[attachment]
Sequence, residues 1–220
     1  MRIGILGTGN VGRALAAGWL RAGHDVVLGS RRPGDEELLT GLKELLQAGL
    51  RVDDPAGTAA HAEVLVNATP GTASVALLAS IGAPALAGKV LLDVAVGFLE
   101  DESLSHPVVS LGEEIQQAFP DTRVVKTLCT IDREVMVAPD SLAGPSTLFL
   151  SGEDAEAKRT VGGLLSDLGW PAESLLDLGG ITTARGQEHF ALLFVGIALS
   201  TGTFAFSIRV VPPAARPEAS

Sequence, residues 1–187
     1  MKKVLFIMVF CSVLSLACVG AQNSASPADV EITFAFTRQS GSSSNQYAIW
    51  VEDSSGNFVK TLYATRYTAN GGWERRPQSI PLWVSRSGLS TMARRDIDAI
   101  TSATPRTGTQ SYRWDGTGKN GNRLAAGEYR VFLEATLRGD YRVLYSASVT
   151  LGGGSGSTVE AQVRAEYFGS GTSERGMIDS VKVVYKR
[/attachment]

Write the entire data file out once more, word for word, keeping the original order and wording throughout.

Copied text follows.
Sequence, residues 1–220
     1  MRIGILGTGN VGRALAAGWL RAGHDVVLGS RRPGDEELLT GLKELLQAGL
    51  RVDDPAGTAA HAEVLVNATP GTASVALLAS IGAPALAGKV LLDVAVGFLE
   101  DESLSHPVVS LGEEIQQAFP DTRVVKTLCT IDREVMVAPD SLAGPSTLFL
   151  SGEDAEAKRT VGGLLSDLGW PAESLLDLGG ITTARGQEHF ALLFVGIALS
   201  TGTFAFSIRV VPPAARPEAS

Sequence, residues 1–187
     1  MKKVLFIMVF CSVLSLACVG AQNSASPADV EITFAFTRQS GSSSNQYAIW
    51  VEDSSGNFVK TLYATRYTAN GGWERRPQSI PLWVSRSGLS TMARRDIDAI
   101  TSATPRTGTQ SYRWDGTGKN GNRLAAGEYR VFLEATLRGD YRVLYSASVT
   151  LGGGSGSTVE AQVRAEYFGS GTSERGMIDS VKVVYKR